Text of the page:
Food focus – Cinnamon

Did You Know

Prized as a gift fit for kings in ancient cultures, cinnamon is mentioned many times in the Old Testament, first when Moses uses it as a holy anointing oil.


Cinnamon contains methylhydroxychalcone polymer or MHCP that actually mimics the hormone insulin, actively preventing diabetes and a useful weight management tool.

MHCP also stimulates glycogen production, the form of sugar that we store in muscles and the liver for peak energy needs, like when we exercise and during stress. This means that we crave fattening and ageing refined sugars less and regulate energy better. ¼ to ½ teaspoon of cinnamon daily has shown to reduce circulating blood sugar, so good for diabetics that they need their glucose levels and medications checked if eating regularly. This also stops sugars in the bloodstream damaging tissues and DNA which is extremely inflammatory and ageing. Cinnamon is a superior sweetener for food and flavouring for sweets and desserts; when eaten, tells the brain it has received something sweet without creating a damaging sugar surge.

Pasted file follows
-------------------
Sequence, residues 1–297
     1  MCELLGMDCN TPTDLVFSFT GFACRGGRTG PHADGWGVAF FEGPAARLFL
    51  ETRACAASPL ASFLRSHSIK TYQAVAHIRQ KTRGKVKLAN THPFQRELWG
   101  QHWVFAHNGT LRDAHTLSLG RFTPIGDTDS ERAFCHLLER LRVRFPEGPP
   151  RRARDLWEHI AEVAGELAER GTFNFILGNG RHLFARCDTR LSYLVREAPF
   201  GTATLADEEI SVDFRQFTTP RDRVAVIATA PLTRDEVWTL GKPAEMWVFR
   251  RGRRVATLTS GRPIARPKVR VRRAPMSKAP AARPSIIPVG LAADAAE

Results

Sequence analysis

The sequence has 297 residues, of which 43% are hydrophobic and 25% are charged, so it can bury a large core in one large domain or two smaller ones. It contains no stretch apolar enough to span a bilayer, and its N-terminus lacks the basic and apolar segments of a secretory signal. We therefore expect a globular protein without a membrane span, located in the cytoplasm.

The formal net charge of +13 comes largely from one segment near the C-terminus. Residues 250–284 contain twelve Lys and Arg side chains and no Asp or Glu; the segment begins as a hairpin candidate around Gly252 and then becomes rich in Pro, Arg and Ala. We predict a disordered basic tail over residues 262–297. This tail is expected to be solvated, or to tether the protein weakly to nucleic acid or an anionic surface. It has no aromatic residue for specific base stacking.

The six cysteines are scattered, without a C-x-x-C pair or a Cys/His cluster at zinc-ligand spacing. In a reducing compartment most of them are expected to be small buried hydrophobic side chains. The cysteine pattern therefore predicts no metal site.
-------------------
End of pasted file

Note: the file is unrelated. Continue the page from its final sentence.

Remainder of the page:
• Has a reputation as an aphrodisiac and simply smelling cinnamon has shown to improve brain reactions and memory.
• A teaspoon of cinnamon has the same antioxidant power as ½ cup of blueberries or a cup of pomegranate juice.
• Kills microbes and yeasts that upset digestion and immunity.

Practical Tip

Seasoning a high sugar or refined carbohydrate food with cinnamon lessens its damaging effects. Buy as sticks or the ground spice and check it has the sweet smell that shows it is fresh. The sticks keep for longer but the powder is stronger. Helps relieve colds and flu added to hot honey and lemon tea.


KCalories 247 kcal
Total fat 1.24 g
Protein 3.99 g
Carbohydrate 80.59 g
Fibre 53.1 g
Vitamin C 3.8 mg
Vitamin A 295 IU
Calcium 1002 mg
Manganese 17.47 mg

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